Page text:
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ABSTRACT: The separations of small molecules using columns containing porous polymer monoliths invented two decades ago went a long way from the very modest beginnings to the current capillary columns with efficiencies approaching those featured by their silica-based counterparts. This review article presents a variety of techniques that have been used to form capillary formats of monolithic columns with enhanced separation performance in isocratic elutions. The following text first describes the traditional approaches used for the preparation of efficient monoliths comprising variations in polymerization conditions including temperature as well as composition of monomers and porogenic solvents. Encouraging results of these experiments fueled research of completely new preparation methods such as polymerization to an incomplete conversion, use of single crosslinker, hypercrosslinking, and incorporation of carbon nanotubes that are described in the second part of the text.Journal of Chromatography A 07/2011; 1228:250-62. · 4.61 Impact Factor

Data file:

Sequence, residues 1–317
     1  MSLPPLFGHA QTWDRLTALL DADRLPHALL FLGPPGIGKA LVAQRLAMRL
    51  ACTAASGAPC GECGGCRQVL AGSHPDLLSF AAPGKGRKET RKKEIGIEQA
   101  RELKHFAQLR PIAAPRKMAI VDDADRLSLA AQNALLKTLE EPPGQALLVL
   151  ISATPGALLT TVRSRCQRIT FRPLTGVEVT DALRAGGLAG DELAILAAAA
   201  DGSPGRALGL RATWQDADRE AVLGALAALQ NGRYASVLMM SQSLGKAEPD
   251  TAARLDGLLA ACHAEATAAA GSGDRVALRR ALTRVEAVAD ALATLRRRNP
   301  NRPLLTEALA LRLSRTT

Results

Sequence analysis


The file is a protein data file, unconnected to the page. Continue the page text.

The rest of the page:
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ABSTRACT: 2,3,6-Tris(phenylcarbamoyl)-β-cyclodextrin-6-methacrylate was prepared and used as a functional monomer for the preparation of new β-cyclodextrin (β-CD) functionalized polymer monoliths. The polymer monoliths were prepared via the copolymerization of β-CD methacrylate and ethylene glycol dimethacrylate in different ratios in situ in fused silica capillary (internal diameter 150μm). The effect of functional monomer/cross linker concentration on the chiral separation of different classes of pharmaceuticals namely; α- and β-blockers, antiinflammatory drugs, antifungal drugs, dopamine antagonists, norepinephrine-dopamine reuptake inhibitors, catecholamines, sedative hypnotics, diuretics, antihistaminics, anticancer drugs and antiarrhythmic drugs was investigated. Baseline separation was achieved for propranolol, ifosfamide, alprenolol, tertalol, 1-indanol, tebuconazole, o-methoxymandelic acid, celiprolol and cizolertine under reversed phase conditions with mobile phase composed of methanol and water, using nano liquid chromatography. The method provides more economical analysis under environmentally benign conditions. The prepared capillary columns showed good mechanical stability and good repeatability (run-to run and batch-to batch).Journal of Chromatography A 04/2014; · 4.61 Impact Factor